The Corner


Breaking: Contracts Have Consequences

U.S. women’s national soccer team player Megan Rapinoe holds the FIFA Women’s World Cup trophy as the team arrives at Newark International Airport in Newark, N.J., July 8, 2019. (Eduardo Munoz/Reuters)

It brings me great sorrow to report that wealthy women who are paid large sums of money to play a game are unhappy with the pay structure for which their union collectively bargained and to which they themselves voluntarily agreed. The foxes have holes, and the birds the air nests; but members of the U.S. Women’s Soccer team are only guaranteed a $100,000 salary to play a game (before bonuses, of course). Let it never be said that ours is a country without tragedy.

The process by which two parties settle a compensation dispute through arbitration and collective bargaining (rather than publicly play-acting as Freedom Riders and disrespecting the country on foreign soil) — “the right way to do it,” if you prefer — has already proven an effective means of improving team pay, if raising team pay is indeed the point.

For a comparable number of “friendlies,” the women’s team compensation leapt from 38 percent to 89 percent of their male counterparts’ with the enactment of the 2017 collective-bargaining agreement, according to the Washington Post. These numbers, which reflect the improvements possible from a simple negation process, are misleading in terms of the disparity between the men and women — the women’s salaries and bonuses are not structured the same as the men’s team, which receives higher bonuses than the women’s team but does not receive a guaranteed salary.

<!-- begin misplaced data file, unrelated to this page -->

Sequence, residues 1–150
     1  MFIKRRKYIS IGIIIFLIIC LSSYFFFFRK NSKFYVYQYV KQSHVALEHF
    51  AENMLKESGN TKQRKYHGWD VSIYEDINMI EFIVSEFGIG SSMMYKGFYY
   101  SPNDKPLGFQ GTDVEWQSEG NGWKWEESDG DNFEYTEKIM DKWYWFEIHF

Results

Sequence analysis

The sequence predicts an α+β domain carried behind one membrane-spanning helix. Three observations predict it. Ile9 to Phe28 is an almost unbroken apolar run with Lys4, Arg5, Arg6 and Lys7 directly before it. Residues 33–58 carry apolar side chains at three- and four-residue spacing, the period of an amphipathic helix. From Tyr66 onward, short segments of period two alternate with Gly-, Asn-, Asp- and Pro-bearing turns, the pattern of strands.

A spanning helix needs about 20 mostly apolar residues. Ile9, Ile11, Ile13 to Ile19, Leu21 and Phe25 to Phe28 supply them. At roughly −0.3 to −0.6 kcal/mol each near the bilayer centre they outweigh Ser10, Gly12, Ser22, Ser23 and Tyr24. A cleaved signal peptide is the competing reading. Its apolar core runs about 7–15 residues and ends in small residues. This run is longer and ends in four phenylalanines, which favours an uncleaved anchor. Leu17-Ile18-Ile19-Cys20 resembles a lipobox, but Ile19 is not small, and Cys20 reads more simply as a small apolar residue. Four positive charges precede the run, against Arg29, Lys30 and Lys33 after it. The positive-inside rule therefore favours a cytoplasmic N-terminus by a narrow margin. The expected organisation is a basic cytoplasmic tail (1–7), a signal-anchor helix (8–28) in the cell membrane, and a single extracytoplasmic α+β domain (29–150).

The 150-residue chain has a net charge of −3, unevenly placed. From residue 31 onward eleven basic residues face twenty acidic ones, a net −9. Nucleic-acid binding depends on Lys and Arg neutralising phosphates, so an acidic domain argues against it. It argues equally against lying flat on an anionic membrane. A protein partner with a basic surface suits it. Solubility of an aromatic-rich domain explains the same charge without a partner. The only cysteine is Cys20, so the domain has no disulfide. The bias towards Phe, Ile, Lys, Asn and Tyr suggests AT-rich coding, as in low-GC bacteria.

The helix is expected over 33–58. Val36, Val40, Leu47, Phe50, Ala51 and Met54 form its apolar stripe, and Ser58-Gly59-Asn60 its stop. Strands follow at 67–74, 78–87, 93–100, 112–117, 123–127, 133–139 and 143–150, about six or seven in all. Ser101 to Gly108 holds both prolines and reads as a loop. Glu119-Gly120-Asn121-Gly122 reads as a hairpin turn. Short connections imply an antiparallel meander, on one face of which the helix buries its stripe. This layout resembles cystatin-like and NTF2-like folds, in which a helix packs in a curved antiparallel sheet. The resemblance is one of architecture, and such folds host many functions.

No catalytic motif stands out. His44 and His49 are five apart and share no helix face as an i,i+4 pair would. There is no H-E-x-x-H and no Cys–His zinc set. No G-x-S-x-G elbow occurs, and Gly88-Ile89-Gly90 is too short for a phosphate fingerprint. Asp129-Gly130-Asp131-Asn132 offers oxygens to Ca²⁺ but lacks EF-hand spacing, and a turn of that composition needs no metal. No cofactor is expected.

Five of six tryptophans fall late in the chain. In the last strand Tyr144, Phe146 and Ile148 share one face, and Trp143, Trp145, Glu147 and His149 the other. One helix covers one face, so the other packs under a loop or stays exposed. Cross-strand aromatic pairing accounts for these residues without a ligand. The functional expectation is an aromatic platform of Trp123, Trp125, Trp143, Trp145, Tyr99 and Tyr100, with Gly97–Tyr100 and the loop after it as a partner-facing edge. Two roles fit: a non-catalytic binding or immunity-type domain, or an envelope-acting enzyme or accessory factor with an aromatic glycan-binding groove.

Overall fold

But even this evades the actual point: If the women’s team is unhappy with this arrangement, it is not the fault of the United States, the American flag, Donald Trump, or some distant cabal of sexist white men scheming to stick their thumbs in the face of Megan Rapinoe. It is the fault of both the women’s union representatives and the women themselves for signing an agreement that they were unhappy with. If they didn’t like the terms of the agreement reached by the collective bargaining process, the women’s team was well within its right not to sign it. But, alas, they did sign it. Doesn’t that matter?

Perhaps the team’s union can, at the next opportunity, negotiate a more favorable arrangement for the team, sparing the country the public histrionics and political demonstrations of team members. Unless the public histrionics and political demonstrations are themselves the point. Which is certainly possible.

Rachel Maddow spoke for no one when she asked what, in the meantime, Americans “can do to support that fight” for “equal pay.” Rapinoe suggested, among other things, that fans might buy players’ jerseys.

Is there a more noble cause for which a Chinese child in a Nike sweatshop can labor?

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